On Saturday I experienced a foretaste of the heavenly banquet. After spending the morning doing various things to serve our downtown community, members of our church went out and invited everyone they met to have lunch with us. Many came.Continue Reading...
Archives For Economics
The denial and dissimulation of grace, though always a human temptation, became especially pronounced and systemic in the modern world. While it is common to refer to this development as the ‘desanctification’ or ‘disenchantment’ of the world, the key element in this process is the emptying out of the world’s divine referent. What begins to emerge is the idea of pure ‘nature,’ a conception that reduces material reality to a mathematical and mechanical core that operates according to ‘natural laws’ and can be appropriated by us as a resource for our own ends. As natural, the world does not find its origin or end in God. It does not bear witness to a divine intention. If it has any purpose at all, it is of a wholly immanent sort that can be understood–and exploited–through scientific and technological effort.
Norman Wirzba, “Agrarianism after Modernity” in J. K. A. Smith, ed., After Modernity (2008), p. 249.
Felix Salmon of the Reuters has an interesting blog post the real issue in this election: poverty and economic opportunity. After responding at length to Nina Easton’s cover story in Fortune, “Stop bashing the rich,” Salmon concludes:
It seems to me that the current election campaign comes down in large part to a simple question: “who do you care about”? Do you care about the 1%, on the grounds that they are “job creators”? Or do you care about the bottom 40% — the people who have been left behind by US economic policy and who desperately need help and support? The Republicans clearly are the party of the 1%, and the Democrats are trying to paint themselves as the party of the middle class — of the 59%, you might say. But no one is standing up for the bottom 40%, the invisible poor, partly because they have a distressing tendency not to vote.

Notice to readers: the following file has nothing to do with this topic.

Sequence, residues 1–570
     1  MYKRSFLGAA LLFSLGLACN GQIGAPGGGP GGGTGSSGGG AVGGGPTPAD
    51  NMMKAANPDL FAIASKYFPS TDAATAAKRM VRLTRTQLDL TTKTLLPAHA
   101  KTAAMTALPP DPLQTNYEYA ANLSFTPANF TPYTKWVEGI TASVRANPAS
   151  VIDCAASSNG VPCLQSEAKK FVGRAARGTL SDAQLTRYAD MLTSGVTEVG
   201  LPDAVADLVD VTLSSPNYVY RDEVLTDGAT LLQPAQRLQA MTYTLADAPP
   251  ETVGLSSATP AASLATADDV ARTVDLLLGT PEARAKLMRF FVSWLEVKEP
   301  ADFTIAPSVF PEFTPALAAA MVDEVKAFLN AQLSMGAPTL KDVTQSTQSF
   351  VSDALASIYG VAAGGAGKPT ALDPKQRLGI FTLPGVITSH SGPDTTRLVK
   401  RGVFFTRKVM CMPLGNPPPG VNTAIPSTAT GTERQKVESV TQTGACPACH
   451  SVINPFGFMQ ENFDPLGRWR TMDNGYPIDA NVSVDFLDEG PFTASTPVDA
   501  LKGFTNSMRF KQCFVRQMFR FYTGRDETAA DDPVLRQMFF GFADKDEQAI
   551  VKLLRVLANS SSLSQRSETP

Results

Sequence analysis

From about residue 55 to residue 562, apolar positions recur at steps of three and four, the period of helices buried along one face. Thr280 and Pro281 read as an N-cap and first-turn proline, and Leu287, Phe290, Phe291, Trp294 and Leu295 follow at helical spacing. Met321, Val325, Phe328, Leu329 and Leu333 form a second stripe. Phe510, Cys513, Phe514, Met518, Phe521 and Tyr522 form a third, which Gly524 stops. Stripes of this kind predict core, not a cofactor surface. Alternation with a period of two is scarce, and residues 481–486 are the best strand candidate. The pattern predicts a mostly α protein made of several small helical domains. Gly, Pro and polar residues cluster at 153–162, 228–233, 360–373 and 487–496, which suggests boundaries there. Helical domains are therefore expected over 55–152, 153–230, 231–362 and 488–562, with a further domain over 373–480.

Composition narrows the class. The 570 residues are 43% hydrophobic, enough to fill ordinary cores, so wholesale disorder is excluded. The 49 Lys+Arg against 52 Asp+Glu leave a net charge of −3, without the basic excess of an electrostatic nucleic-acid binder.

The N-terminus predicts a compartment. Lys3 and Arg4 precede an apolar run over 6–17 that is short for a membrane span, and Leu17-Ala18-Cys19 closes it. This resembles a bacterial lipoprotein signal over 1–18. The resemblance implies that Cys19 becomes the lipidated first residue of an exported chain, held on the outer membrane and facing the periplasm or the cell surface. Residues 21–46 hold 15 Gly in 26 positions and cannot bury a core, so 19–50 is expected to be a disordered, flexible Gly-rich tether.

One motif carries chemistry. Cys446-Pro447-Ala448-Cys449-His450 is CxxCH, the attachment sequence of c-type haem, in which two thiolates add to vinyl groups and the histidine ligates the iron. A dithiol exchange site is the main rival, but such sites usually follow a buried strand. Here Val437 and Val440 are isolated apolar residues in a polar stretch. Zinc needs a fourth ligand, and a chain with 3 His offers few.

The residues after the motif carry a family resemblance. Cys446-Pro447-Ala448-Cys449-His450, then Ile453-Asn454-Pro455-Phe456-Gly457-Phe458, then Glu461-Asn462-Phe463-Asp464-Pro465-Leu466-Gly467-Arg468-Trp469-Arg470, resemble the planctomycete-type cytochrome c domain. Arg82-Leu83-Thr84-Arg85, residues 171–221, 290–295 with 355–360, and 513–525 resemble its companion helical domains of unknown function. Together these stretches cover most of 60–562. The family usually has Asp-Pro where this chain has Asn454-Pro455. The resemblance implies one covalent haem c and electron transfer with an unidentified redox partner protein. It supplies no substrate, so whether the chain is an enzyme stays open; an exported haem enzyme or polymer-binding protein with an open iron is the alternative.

I think he’s right. The single largest difference between the two parties is that republicans have positioned themselves as the part of wealth creators and the democrats are attempting to position themselves as the party of the employee–middle class and otherwise.
I suppose how you answer this question will largely effect how you vote.
One of the presuppositions of our culture is that more is, well, more–that with greater material affluence comes greater happiness or fulfillment, a better life. This runs counter to the principle of askesis (Gk, “exercise” or “training”). The word is the root of our word asceticism–the forgoing of material comfort for the purpose of focus or spiritual benefit.
We are familiar with the frequently beneficial consequences of involuntary askesis. How many times have we heard as we have visited a parishioner in the days following a heart attack, ‘It’s the best thing that ever happened to me–I’ll never be the same again. It woke me up to the reality of my life, to God, to what is important.’ Suddenly instead of of mindlessly and compulsively pursuing an abstraction–success, or money, or happiness–the person is reduced to what is actually there, to the immediately personal–family, geography, body–and begins to live freshly in love and appreciation. The change is a direct consequence of a force realization of human limits. Pulled out of the fantasy of a god condition and confined to the reality of the human condition, the person is surprised to be living not a diminished life but a deepened life, not a crippled life but a zestful life. -Eugene Peterson, Under the Unpredictable Plant
“A person who undertakes to grow a garden at home, by practices that will preserve rather than exploit the economy of the soil, has set his mind decisively against what is wrong with us. He is helping himself in a way that dignifies him and that is rich in meaning and pleasure. But he is doing something else that is more important; He is making vital contact with the soil and the weather on which his life depends. He will no longer look upon rain as a traffic impediment, or upon the sun as a holiday decoration.”
Wendell Berry, A Continuous Harmony: Essays Cultural and Agricultural